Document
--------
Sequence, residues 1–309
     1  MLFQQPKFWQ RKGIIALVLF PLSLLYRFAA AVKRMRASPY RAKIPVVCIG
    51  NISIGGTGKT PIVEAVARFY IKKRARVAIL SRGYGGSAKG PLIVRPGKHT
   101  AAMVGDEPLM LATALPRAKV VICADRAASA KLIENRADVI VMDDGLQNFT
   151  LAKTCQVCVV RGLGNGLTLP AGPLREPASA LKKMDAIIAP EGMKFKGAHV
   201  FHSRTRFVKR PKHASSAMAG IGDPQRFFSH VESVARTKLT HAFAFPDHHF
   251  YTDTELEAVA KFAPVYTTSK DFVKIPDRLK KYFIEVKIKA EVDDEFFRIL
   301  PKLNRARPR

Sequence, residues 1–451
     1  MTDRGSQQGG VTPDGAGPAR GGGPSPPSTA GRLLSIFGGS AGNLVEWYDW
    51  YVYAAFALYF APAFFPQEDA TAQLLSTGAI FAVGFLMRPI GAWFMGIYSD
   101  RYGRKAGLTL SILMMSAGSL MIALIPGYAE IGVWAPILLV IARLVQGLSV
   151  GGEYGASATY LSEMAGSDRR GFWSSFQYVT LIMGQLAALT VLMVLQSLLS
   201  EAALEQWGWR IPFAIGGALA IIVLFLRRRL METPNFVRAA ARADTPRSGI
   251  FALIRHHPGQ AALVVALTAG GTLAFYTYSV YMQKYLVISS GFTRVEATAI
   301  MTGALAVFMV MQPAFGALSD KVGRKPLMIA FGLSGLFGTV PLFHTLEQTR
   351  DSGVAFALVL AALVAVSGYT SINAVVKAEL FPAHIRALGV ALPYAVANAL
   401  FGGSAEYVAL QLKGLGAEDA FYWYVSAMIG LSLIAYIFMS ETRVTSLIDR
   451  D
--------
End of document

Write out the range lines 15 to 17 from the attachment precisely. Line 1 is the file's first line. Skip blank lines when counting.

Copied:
   251  FALIRHHPGQ AALVVALTAG GTLAFYTYSV YMQKYLVISS GFTRVEATAI
   301  MTGALAVFMV MQPAFGALSD KVGRKPLMIA FGLSGLFGTV PLFHTLEQTR
   351  DSGVAFALVL AALVAVSGYT SINAVVKAEL FPAHIRALGV ALPYAVANAL